This function can be used to get arguments simple and fast in extension modules.
All functionality of this function can be individually programmed using the
besXXX macros. Here it is to ease the programming of extension modules for most of
This function should be called like
iError = besGETARGS "ldz",&l1,&d1,&s besGETARGE
The macro besGETARGS (read GET ARGument Start) hides the complexity of the
function call and the macro besGETARGE (read Get ARGument End) simply closes the
The first argument is format string. Each character specifies how the next argument
should be treated.
int basext_GetArgsF(pSupportTable pSt,
The following characters are recognized:
- i the next argument of the function call should point to a long variable.
The ScriptBasic argument will be converted to long using the macro
besCONVERT2LONG and will be stored in the long variable.
- r the same as l except that the argument should point a double and the
basic argument is converted to double using besCONVERT2DOUBLE.
- z the next argument should point to a char * pointer. The function takes
the next BASIC argument as string, converts it to zero terminated string
allocating space for it. These variables SHOULD be released by the caller
using the macro besFREE.
- s the next argument should point to a unsigned char * pointer. The function takes
the next BASIC argument as string, converting it in case conversion is needed, and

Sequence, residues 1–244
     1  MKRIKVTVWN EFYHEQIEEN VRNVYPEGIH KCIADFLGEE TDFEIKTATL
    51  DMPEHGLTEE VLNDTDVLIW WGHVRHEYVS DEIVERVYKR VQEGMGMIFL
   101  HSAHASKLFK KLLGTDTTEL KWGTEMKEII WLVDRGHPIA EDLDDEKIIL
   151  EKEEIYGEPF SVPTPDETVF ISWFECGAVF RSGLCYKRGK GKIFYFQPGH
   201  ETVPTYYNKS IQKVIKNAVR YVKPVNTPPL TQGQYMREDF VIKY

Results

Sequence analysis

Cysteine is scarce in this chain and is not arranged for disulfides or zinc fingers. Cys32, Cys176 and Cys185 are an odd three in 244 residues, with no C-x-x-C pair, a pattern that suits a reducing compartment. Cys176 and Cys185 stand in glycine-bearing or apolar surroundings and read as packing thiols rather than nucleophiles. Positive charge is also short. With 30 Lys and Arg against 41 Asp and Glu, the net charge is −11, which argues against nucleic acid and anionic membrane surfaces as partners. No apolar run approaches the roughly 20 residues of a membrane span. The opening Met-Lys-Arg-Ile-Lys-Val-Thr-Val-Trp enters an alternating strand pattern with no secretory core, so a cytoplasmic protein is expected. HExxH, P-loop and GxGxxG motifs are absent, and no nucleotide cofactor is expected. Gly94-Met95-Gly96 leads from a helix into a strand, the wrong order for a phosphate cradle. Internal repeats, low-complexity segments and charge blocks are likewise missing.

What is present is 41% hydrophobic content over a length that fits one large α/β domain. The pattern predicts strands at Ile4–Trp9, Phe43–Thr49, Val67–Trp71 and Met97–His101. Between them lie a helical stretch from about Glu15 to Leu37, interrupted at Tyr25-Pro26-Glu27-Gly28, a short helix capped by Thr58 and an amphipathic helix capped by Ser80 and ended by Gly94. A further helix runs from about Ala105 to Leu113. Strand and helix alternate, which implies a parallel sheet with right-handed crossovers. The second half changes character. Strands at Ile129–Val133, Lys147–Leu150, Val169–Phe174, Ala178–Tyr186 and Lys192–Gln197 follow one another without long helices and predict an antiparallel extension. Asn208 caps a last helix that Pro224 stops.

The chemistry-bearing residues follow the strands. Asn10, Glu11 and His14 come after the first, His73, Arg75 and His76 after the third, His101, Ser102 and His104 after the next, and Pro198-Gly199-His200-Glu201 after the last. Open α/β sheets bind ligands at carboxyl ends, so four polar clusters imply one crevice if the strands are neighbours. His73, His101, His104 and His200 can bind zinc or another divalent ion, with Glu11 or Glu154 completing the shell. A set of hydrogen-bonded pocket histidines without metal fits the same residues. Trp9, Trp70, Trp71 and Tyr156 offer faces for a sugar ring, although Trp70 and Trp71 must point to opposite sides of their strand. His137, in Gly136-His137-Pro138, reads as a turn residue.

sets the unsigned char * pointer to point to the string. This format character
should be used together with the character l
- l the next argument should point to a long and the value of the variable
will be the length of the last string atgument (either z or s).
If there was no previous string argument the value returned will be zero.
- p the next argument should point to a void * pointer. The BASIC argument value
should be a string of sizeof(void *) characters that will be copied into the
pointer argument. If the argument is not string or has not the proper size the function
- [ The arguments following this character are optional. Optional arguments may be
unspecified. This is the case when the BASIC function call has less number of
arguments or when the actual argument value is undef. In case of optional
arguments the undef values are converted to zero value of the appropriate
type. This means 0 in case of long, 0.0 in case of double, NULL in case of pointer
and zero length string in case of strings.
- ] Arguments following this character are mandatory (are not optional). When the
function starts to process the arguments they are mandatory by default. Using this
notation you can enclode the optional arguments between [ and ]. For example
the format string "ii[z]" means two long arguments and an optional zero terminated
- * The argument is skipped. This may be used during development of a function.
The return value of the function is zero in case there is no error or the error code.